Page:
Kerry Washington: The Sundance Interview

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As the 2010 Sundance Film Festival beings today, Kerry Washington's accomplished the the indie cred-burnishing feat of having two buzzy films here. The first is Tanya Hamilton's Night Catches Us, where Washington reunites with her She Hate Me costar Anthony Mackie in the story of two ex-Black Panthers, and the second is Rodrigo Garcia's female triptych Mother and Child, which made its well-received debut in Toronto last fall and costars Annette Bening and Naomi Watts.

Before either of us left for Sundance, I spoke to Washington about her festival entries, the limits of control, and the challenges of her current Broadway stint in David Mamet's Race.

Back in 2001, you had Lift at Sundance, and it helped jump-start your career. What do you remember about that experience?

What do I remember about that? [Laughs] I can't believe it was that long ago. It was really exciting for me. The first film I ever did went to Sundance, Our Song, but I wasn't able to go because I was shooting Save the Last Dance. Sundance is cool, though. Everybody talks about how much the festival has evolved and changed over the years, so I'm kind of excited to go back and see what it's become.

Night Catches Us is a period piece that takes place just around the time you were born. Was it fun to go back and revisit some of those hair and wardrobe details?

Yeah, but it's not exactly revisiting -- I was barely ambulatory then! [Laughs] No, it was really kind of cool. I mean, I feel really lucky because between this and Last King of Scotland and Ray, I've been able to cover a lot of this past century, which is pretty fun.

So tell me about who you and Anthony play in Night Catches Us.

We play two people who were heavily involved in the Black Panther movement ten years ago, and then for different reasons, we've moved on. He goes underground and I become slightly more mainstream in my approach to civil rights and justice. We don't talk to each other for ten years, and then when his father passes, he comes back into town and we're sort of forced to deal with a lot of the mysteries of our past and forced to face some of the complications involved in a movement like that.

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How has she changed in those ten years?

She becomes a civil rights lawyer and tries to become more of an advocate within the system. Instead of operating outside the system like the Panthers, the Weathermen -- a lot of those groups at the time -- she gets her law degree and works as an advocate for people in the community who may not have access to legal representation otherwise.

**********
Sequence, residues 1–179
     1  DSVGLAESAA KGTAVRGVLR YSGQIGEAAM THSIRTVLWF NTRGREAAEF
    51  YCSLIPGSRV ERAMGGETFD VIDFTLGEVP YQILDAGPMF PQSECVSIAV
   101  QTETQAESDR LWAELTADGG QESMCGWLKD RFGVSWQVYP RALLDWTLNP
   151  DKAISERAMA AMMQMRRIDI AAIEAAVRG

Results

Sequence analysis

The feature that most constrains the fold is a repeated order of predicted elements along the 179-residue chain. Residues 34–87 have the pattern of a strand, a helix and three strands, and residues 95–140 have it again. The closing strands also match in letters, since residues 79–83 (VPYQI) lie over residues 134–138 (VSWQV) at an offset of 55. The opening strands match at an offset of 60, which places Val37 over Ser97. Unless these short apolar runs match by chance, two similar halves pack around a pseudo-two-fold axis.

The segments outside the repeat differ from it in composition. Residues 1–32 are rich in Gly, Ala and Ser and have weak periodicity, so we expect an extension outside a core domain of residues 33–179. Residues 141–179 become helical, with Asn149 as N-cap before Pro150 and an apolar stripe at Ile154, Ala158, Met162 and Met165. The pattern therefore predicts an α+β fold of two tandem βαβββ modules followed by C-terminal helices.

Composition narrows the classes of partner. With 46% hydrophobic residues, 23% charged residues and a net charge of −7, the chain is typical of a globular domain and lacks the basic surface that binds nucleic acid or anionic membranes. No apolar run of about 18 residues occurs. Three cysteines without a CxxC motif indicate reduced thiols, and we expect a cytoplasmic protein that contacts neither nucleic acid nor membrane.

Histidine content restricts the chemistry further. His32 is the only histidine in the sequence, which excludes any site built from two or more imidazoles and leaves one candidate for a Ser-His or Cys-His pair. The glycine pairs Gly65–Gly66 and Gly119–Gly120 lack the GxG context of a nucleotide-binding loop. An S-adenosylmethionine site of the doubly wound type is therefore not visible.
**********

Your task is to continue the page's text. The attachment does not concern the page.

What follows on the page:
How did you come to the film?

Well, there was actually another actress cast in the film first. I had known about it for years through its development and I was really looking for another film to do before I gave my life over to the Broadway stage, which is what I'm doing now. For some reason, this actress had to go back out of the project, so it was one of those lucky things where I got to do this literally right before going into rehearsal for what I'm doing now. It's great that it worked out because I had heard about it and read about it so much. Well, maybe not so great for the other actress. [Laughs] But happy for me!

Mother and Child found distribution after Toronto, and we'll see what happens with Night Catches Us. Does it scare you when your films' releases are kind of up in the air?

I don't know if "scared" is the right word. I think sometimes it's unfortunate that a film might not have a larger audience. Like with Lift, we didn't have theatrical release, we were sold to Showtime, and for that reason I think we were seen by a much wider audience. Sometimes you have those stories where films find a home, and other times you don't. I don't think I'm scared of it, but I think in the indie world, you go into it thinking that those are the possibilities. For that matter, I've done big studio movies that are sitting on a shelf somewhere. Anybody who's looking for security and stability should not gravitate toward this business.

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